2. My Love of Airplane Food
I’m on a flight right now on my way back from a trip to see my family, and to ski with them in Park City, Utah. Cédric, my fiancé, got held up back home with work, and as I’d already asked for the time off from my restaurant and not gone a vacation in over a year, I went anyway.
I’m sitting one row behind the first class section, in the aisle seat. I can clearly see a little girl watching Brave on her large personal screen, having just eaten her dinner (lasagna with a caesar salad and a piece of something for desert). I think I like sitting in this seat because it’s the closest I can get right now to actually sitting in first class. The bigger seats, the warm hand towels, the hot rolls they offered to this little girl that she considered before one was placed on her tray, smelling heavenly. And no, I’m not kidding. I think first class is awesome. I live in a time that flying has been stripped back down to its bare minimums, as I stare longingly at their touchscreens and eat my ginger cookie packet. First class is like a window into what flight can be, even on a two hour domestic hop-over.
The first time I flew across the Atlantic (I’ve only done it twice) was two years ago, just before getting engaged to Cédric in Bern, Switzerland (let’s talk about that another time).
We got on the huge airliner set for Amsterdam in midday, and settled in for the long flight. Before I knew it, we were served dinner. I had never been on a flight that served a hot meal, let alone to the cheap seats. My big travels had mostly included cross country car expeditions and stopping at the first Cracker Barrel I saw; or those three lovely trips to Hawaii, and due to it technically being a domestic flight, snacks were therefore deemed sufficient. This dinner on my Amsterdam flight, however, I saw as miraculous. The food just kept coming: I got a green salad with its own little ranch dressing, a roll with butter, a steaming hot cheese and tomato sauce tortellini pasta. There was something else I can’t even remember. And then, a double fudge brownie for desert. I was, literally, over the moon. I slept as long as I could (I dream of those footrests or, be still my heart, lay down beds in first class), and was fully awake and ready for breakfast. Cédric got a kick out of my excitement; I was acting like I’d never seen food before, or as if I was 10 again and it was the Christmas I got a Game Boy Color. It was big time stuff. Breakfast was equally as exciting, with little packages of assorted cheese and jam, a nice piece of bread, a little fruit, and of course a dessert. Because we were headed to Europe, some of the products had packaging in French, as if I couldn’t get more psyched.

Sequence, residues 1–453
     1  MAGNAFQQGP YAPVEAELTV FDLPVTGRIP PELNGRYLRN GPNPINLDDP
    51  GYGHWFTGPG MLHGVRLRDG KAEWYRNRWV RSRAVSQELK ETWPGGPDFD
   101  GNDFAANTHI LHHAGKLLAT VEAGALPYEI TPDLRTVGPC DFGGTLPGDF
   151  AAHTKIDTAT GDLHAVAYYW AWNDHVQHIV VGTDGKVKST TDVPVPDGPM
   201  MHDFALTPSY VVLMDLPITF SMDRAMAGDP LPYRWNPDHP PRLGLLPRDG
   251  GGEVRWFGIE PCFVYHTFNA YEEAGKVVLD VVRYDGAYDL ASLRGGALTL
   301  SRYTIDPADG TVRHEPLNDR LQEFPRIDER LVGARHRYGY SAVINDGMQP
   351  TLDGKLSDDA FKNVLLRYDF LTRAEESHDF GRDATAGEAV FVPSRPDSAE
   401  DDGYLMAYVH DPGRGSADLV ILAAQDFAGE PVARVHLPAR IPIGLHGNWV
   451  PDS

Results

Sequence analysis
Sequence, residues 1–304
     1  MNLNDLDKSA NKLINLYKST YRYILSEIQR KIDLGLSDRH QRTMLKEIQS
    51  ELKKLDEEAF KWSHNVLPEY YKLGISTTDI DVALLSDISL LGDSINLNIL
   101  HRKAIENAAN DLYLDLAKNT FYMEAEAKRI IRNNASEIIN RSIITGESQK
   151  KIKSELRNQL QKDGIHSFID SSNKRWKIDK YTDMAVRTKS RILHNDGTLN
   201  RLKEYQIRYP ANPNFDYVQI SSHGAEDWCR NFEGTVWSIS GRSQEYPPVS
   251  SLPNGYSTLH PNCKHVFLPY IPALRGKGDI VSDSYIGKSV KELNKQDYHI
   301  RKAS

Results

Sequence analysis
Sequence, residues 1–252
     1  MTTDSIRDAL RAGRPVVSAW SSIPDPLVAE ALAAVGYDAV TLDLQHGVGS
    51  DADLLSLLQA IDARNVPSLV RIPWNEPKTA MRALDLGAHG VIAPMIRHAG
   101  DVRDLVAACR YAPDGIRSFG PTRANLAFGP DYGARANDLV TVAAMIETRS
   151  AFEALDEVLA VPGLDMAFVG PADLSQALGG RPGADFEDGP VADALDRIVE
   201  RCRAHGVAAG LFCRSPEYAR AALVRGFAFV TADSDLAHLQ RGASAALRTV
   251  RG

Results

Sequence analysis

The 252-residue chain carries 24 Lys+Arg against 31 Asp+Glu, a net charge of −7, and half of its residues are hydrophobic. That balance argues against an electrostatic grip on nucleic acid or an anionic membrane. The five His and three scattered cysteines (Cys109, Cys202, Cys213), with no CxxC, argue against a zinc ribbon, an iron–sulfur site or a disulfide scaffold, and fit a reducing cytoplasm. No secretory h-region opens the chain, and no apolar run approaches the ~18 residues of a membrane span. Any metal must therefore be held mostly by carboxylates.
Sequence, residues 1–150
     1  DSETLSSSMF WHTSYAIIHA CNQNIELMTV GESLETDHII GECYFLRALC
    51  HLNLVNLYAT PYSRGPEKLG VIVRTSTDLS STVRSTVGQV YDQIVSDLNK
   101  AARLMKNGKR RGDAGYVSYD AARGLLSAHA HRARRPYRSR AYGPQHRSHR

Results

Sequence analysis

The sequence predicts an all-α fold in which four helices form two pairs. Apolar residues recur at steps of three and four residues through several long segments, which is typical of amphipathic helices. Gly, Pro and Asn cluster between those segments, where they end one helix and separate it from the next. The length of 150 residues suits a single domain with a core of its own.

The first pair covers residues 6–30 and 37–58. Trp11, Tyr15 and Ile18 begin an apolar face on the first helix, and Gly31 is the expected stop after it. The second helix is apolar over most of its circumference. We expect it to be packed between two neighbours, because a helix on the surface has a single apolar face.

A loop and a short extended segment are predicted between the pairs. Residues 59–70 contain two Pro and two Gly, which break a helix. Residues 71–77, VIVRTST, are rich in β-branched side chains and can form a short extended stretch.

So, as I land and that mesh partition hangs between me and the first class: these fancy people drinking their wine in glasses on a plane, this bored little girl sits comfortably enveloped in her big seat, and I sit smiling in mine; I’m hopeful. Excited, even. The more things I get to try, the more times I’ll get to feel the way I did on that cross-world flight to Amsterdam. But knowing myself, I don’t think I’ll ever get sick of the majesty I find in eating hot pasta on a plane.